A swipe left to right, or right to left in the notification centre will swap between sections.
Swipe up from the bottom of the screen
A swipe up from the bottom of the screen brings up the newly-introduced Control Center that gives us quick access to system toggles and lots more.
Control Center gives you instant access to the camera, calculator, AirPlay, and other handy features. You can also adjust the brightness, lock the screen in portrait orientation, turn wireless services on or off, and turn on AirDrop
Swipe up to close an app
When you open an app on your iPhone it stays open even after you leave it. You may not even be aware you have several apps open in the background draining the battery and using data. This is why iOS 8 has a multitasking switcher – to allow you to switch between open apps and also to close them so they no longer drain your battery.
To access the multitasking switcher tap the home button twice on an unlocked iPhone. Swipe up an app in the new multitasking switcher to close it. You can use multiple fingers – up to 3 – to close 3 apps at a time.
Swipe left to right in an iPhone app
Swipe from the left edge towards the right in Mail, Notes, Settings, Messages etc. to go back one screen. This is an alternative to tapping the back button at the top-right. Be aware that this feature isn’t enabled in all apps due to possible conflicts.
Swiping in the Safari web browser
Swipe from the left edge in Safari to go back one page.
Swipe from the right edge in Safari to go forward.
Drag a tab towards the left in the new Safari tab view to close a tab.
Swipes in email
A swipe from right to left on an individual email while in the mail list view brings up the “Flag”, “Trash” and “More” options. Tapping on more lets you do all sorts of extra things to the message.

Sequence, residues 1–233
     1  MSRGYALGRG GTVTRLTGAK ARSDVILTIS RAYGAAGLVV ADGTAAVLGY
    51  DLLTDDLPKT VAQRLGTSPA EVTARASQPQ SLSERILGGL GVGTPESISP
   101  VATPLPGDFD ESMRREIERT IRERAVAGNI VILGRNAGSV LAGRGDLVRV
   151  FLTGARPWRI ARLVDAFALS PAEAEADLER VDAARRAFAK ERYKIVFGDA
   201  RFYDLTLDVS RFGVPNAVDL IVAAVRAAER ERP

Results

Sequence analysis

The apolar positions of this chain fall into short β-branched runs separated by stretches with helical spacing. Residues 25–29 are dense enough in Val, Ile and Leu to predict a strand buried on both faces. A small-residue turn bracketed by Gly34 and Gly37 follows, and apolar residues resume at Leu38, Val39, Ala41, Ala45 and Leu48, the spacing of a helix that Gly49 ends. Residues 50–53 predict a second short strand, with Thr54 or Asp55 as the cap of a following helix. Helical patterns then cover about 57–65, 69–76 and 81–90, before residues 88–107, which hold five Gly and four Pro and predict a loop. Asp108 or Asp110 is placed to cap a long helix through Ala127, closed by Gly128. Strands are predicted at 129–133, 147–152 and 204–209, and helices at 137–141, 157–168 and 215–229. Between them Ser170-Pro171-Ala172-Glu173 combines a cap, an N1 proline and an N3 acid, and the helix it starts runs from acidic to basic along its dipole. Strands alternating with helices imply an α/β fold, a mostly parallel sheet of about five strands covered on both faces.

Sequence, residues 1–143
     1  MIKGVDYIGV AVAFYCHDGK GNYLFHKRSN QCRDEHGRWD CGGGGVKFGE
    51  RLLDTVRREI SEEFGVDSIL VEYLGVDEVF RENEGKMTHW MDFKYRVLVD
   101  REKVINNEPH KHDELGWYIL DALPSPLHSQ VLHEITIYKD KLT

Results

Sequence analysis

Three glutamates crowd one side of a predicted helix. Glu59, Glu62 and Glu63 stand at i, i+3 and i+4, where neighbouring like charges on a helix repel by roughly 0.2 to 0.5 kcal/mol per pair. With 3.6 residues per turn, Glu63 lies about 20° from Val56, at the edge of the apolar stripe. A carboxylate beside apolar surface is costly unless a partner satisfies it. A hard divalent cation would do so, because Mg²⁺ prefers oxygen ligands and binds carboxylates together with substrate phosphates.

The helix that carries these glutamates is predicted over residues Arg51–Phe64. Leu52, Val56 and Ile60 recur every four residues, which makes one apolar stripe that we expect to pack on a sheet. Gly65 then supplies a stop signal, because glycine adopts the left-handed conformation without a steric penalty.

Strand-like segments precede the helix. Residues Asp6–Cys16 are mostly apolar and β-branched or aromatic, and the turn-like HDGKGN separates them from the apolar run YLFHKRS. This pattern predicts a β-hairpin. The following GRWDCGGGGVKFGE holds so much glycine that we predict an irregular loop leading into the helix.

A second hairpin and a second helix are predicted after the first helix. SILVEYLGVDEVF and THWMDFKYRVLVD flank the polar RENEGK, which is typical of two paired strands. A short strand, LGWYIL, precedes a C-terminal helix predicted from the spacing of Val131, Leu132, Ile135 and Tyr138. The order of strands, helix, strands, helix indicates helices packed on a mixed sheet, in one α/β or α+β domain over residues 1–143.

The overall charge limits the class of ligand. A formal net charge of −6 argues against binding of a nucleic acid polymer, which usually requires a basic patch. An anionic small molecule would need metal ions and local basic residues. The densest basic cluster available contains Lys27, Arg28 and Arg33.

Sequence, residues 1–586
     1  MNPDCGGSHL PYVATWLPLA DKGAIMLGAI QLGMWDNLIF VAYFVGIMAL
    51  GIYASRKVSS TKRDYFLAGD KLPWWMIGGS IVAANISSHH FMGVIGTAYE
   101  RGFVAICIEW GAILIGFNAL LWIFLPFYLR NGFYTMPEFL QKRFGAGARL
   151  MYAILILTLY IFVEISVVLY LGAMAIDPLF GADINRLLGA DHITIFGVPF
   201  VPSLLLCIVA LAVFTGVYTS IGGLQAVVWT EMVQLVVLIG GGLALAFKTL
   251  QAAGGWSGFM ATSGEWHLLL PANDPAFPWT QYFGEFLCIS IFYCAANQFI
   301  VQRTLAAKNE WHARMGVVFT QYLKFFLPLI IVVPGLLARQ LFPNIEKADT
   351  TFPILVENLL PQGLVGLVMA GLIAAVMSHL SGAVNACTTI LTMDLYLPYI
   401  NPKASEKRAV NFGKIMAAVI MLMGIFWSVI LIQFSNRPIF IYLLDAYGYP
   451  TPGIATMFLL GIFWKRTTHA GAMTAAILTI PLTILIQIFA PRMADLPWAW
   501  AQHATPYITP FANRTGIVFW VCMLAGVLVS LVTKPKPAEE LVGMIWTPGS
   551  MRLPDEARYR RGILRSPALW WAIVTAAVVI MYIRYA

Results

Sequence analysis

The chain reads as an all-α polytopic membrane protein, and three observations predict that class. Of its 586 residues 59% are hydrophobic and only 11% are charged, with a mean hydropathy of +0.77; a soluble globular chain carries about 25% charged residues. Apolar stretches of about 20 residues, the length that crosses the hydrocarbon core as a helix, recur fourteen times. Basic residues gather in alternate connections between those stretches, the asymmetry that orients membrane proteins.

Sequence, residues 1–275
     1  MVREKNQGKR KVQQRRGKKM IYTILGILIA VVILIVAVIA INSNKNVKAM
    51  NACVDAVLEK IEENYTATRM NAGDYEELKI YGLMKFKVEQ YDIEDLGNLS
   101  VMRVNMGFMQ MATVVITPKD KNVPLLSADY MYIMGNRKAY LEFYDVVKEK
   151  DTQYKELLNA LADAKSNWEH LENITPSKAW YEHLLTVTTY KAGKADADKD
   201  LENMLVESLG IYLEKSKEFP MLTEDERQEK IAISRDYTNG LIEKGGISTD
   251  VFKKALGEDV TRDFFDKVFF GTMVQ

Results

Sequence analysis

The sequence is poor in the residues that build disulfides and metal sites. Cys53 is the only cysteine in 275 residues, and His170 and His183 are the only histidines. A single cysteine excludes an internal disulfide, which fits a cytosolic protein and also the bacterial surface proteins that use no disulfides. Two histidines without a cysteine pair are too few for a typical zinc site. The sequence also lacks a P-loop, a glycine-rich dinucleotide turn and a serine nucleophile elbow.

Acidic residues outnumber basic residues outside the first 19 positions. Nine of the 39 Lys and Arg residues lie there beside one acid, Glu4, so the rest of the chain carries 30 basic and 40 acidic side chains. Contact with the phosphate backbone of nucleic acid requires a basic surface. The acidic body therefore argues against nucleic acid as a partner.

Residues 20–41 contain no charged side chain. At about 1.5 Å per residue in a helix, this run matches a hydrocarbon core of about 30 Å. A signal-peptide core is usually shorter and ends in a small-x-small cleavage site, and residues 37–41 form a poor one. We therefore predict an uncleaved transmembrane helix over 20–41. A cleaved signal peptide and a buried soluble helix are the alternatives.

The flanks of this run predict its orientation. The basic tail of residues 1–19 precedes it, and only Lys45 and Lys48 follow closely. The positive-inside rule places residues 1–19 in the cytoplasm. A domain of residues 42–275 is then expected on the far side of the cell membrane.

Swiping left to right allows you to mark a message as being read.
Peek and Pop 3D Touch
The iPhone 6s and 6s Plus with iOS 9 added some new iPhone gestures called ‘peek and pop’ which use 3D touch. This feature is not available on earlier iPhones or iPads.
This means that the phone can tell how firmly you press the screen. Press and hold can be used to preview more information (peek) or a deep press opens the information (pop).
For example, in Mail, press a message in the mailbox list for a peek at the message contents, then slide up to see a list of actions. Or press a little deeper to pop the message open. In Photos, press to peek at an image; then swipe up to share or copy it, or press a little deeper to pop the image to full screen.
Video 3: All the new gestures and swipes in iOS9
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Kevin Craighead is iChimp’s chief technology editor and has been covering Apple’s mobile electronics, security, privacy and the wider technology sector since 2011. He is also a highly regarded Web Designer & Developer.
With a career spanning 30 years which began doing PC support (before the internet existed), Kevin’s technical expertise and experience is highly regarded in a wide variety of fields. His well-researched work resulted in highly regarded and often cited articles such as the infamous ‘Unable to move message to trash’ error on iOS devices.